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More on “Going It Alone”: India and Internet Governance

by Adam Segal
October 27, 2011

South Africa's President Jacob Zuma poses for photos with Brazil's President Dilma Rousseff and India's Prime Minister Manmohan Singh at the end of the fifth India-Brazil-South Africa summit (IBSA) in Pretoria October 18, 2011. (Courtesy Reuters)

I’ll go ahead and jump in late to the discussion Liz and Evan were having about India’s foreign policy. Despite their different focus, they do seem to converge around the point that India now frequently charts its own course, in some instances moving closer to the United States, in others China, and in some cases remaining distant from both and finding other partners.

A recent declaration about the need for a new organization, within the United Nations framework, to oversee global Internet governance highlights how India is trying to walk that tightrope. At first glance, the declaration, which was made at the end of the fifth IBSA (India, Brazil, South Africa) summit in Pretoria, seems harmless enough. The Internet is clearly a global issue lacking an effective governance mechanism. Moreover, as emerging economies, India, Brazil, and South Africa tend to see the current structure as dominated by the United States and American companies. The Hindu quoted the head of an Indian NGO: “Internet-related policies today are made either by mega global digital corporations or directly by pluri-lateral bodies of the rich nations, like the Organisation for Economic Cooperation and Development.”

Yet, the call for the United Nations or another state-centric organization to play a larger role in Internet governance makes most nongovernmental organizations nervous. As Milton Mueller, a professor at Syracuse University School of Information notes:  “The UN is an intergovernmental forum organized around nation-states. It is designed to empower and represent governments, not a transnational community.” Moreover, on this issue, the IBSA declaration allies India with China and Russia which also want to see the UN play a greater role in Internet governance. The proposed International Code of Conduct for Information Security, which China and Russia submitted at the 66th session of the General Assembly, “underlin[es] the need for enhanced coordination and cooperation among States” and “stress[es] the role that can be played by the United Nations and other international and regional organizations.”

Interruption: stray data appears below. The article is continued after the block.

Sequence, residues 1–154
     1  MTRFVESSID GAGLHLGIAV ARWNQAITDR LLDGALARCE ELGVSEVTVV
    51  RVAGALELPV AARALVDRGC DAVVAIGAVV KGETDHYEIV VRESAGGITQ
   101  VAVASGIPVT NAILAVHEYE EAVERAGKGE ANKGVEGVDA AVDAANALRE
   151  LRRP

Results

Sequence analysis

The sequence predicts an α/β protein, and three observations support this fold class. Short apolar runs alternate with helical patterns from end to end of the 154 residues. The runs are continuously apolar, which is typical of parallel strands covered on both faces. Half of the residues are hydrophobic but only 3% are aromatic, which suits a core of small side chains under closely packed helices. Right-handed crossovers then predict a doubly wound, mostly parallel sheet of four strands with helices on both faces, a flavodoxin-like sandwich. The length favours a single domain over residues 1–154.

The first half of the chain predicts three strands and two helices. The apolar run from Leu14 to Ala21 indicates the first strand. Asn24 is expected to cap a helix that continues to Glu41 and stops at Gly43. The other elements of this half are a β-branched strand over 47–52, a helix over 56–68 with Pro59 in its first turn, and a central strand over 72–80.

These are probably not the bedfellows these three multiethnic and multicultural democracies want to have when it comes to issues of freedom of information in cyberspace, and so India has stressed that any organization should be “transparent, democratic, with multiple stakeholders and multilateral.” The Indian representative to the Internet Governance Forum also stressed that these recommendations were preliminary, meant as a starting point for discussion.

At the London Conference on Cyberspace next week, the United States will be looking for “like-minded” countries to help define the norms of responsible state behavior. India, with its democratic system and concerns about Chinese hacking, is a natural partner. But Washington will also be reminded that Delhi has its own concerns and a range of other states it can collaborate with.

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